7. Mitch, a confession I never shared. I cried harder and longer over the death of a pet dog, Nabby, then my own grandmother. (Sorry, Grandma. Nabby knew unconditional love.)

    Liked by 1 person

  8. Very real and touching. Can totally relate!

    Liked by 1 person

  9. anitashope says:

    I love watching the Zoo shows on TV. One from NY and one from England. Both shows reflect the amazing things we can learn from animals. We should never treat them as animals but as creations as that is what they are.

    Liked by 1 person

  10. smzang says:

    This story has my full attention. I could write paragraphs about
    the memories it evokes, but I shall practice restraint. Looking
    for ward to the next segment!

    Liked by 1 person

  11. Himani says:

    This was a really nice one to read and it reminded me of my experience when a dog taught me how to not care about every other dog that barks on you… I was going through a really tough time during my college days when my best friend posted the wrong things about me and I cried all day. To refresh my mood my mother took me outside for a walk and there I saw an entirely new stray dog in my street. The moment he came the other dogs started barking on him but the new dog just didn’t give a damn. He was all looking towards his way and ignored those barking dogs and after a while, those dogs stopped because their bark was not given any importance. That taught me how to not get affected by all that you hear. So you are true in your words, animals do teach us some of the hard lessons of life. I really liked your post because it reminded me of some of my life moments.

    Liked by 1 person

  12. Ann Coleman says:

    Exactly, Mitch! Animals can reach us in places that humans sometimes can’t, and they can certainly teach us what it means to love, to be brave, to be caring, and when they pass on, that broken hearts eventually heal. I’m so glad you and that poor cat found each other…..

    Liked by 1 person

  13. So true Mitch. Our pets are there for us to make happy as a return for what they do to make us happy. I feel that they are the superior ones.

    Liked by 1 person

  14. pkadams says:

    I caught part 2 in my email. 🙂 I grew up with outdoor dogs. But now we have two indoor dogs and indoor/outdoor cats. I love having them inside. They are definitely more a part of the family than the ones we had that lived in the back yard, even though they were nice, too. My dog Ellie is my hiking and running buddy. She’s pretty special.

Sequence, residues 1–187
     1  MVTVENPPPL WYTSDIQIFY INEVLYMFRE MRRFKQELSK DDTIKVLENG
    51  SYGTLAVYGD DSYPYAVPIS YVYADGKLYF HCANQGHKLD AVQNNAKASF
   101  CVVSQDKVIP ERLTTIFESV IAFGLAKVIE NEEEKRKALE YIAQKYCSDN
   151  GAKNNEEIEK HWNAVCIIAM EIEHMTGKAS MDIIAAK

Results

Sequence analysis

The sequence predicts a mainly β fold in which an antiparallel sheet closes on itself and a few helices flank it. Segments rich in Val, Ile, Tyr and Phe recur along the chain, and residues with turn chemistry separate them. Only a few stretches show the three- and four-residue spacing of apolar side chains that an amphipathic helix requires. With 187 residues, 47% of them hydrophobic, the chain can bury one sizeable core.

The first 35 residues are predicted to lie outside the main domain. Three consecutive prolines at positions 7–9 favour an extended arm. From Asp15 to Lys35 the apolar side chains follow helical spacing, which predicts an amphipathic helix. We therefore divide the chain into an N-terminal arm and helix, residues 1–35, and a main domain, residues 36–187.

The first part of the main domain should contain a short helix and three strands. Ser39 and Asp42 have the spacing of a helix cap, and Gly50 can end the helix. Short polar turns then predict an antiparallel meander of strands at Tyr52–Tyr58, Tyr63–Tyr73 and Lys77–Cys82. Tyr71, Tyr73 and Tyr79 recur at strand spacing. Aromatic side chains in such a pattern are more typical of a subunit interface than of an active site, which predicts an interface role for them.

Liked by 1 person

  15. Ah, I discovered your heart in your story and was moved.

    Liked by 1 person

  16. Pingback: How Animals Teach Us to be Human | Mitch Teemley

  17. nancyehead says:

    I had a Siamese cat once who behaved so much like a dog I used to say he had been one in a previous life and messed up somehow. Us getting that cat was my son’s first memory as a two-year-old. As an eighteen-year-old, that same son and I were home alone when I discovered that the cat had died. My son carried the cat’s body to the hole my husband had dug before he had to leave town. (It had seemed the end was near.) We stood by the graveside of our backyard and mourned a dear friend. They don’t recognize the shell on our hearts–they see right through us.

    Liked by 2 people

  18. cat9984 says:

    My son was traumatized by a Rottweiler coming after him when he was two, and is still not overly fond of dogs. However, he’s definitely a cat person; I call him the cat whisperer; he’s like catnip attracting him. I think they know.

    Liked by 1 person

  19. Rena Ho says:

    Reblogged this on Best Friends BSGE and commented:
    This is a truly heartwarming story and it shows how some people are not as heartless and cold as they seem. Only animals have this type of effect on people because with animals you can be yourself and let down any emotional barrier you have. They are emotionally supportive and although they don’t understand the rules or what’s happening sometimes, they are defiantly loyal and who can ask for a better friend?